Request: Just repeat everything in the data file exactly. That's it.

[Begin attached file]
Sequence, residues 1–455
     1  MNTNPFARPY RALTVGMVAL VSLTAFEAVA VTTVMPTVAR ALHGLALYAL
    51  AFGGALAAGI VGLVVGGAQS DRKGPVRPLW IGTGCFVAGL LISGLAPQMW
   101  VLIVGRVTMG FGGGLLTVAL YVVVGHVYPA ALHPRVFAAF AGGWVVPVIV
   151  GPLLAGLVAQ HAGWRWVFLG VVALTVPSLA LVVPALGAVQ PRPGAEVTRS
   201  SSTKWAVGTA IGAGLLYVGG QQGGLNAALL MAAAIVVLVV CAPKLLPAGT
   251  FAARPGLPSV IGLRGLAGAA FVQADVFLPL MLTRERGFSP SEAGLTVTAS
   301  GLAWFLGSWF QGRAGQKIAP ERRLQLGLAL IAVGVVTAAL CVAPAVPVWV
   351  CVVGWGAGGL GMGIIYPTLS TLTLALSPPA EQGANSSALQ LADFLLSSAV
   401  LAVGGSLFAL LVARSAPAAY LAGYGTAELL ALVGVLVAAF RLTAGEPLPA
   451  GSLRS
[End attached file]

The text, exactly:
Sequence, residues 1–455
     1  MNTNPFARPY RALTVGMVAL VSLTAFEAVA VTTVMPTVAR ALHGLALYAL
    51  AFGGALAAGI VGLVVGGAQS DRKGPVRPLW IGTGCFVAGL LISGLAPQMW
   101  VLIVGRVTMG FGGGLLTVAL YVVVGHVYPA ALHPRVFAAF AGGWVVPVIV
   151  GPLLAGLVAQ HAGWRWVFLG VVALTVPSLA LVVPALGAVQ PRPGAEVTRS
   201  SSTKWAVGTA IGAGLLYVGG QQGGLNAALL MAAAIVVLVV CAPKLLPAGT
   251  FAARPGLPSV IGLRGLAGAA FVQADVFLPL MLTRERGFSP SEAGLTVTAS
   301  GLAWFLGSWF QGRAGQKIAP ERRLQLGLAL IAVGVVTAAL CVAPAVPVWV
   351  CVVGWGAGGL GMGIIYPTLS TLTLALSPPA EQGANSSALQ LADFLLSSAV
   401  LAVGGSLFAL LVARSAPAAY LAGYGTAELL ALVGVLVAAF RLTAGEPLPA
   451  GSLRS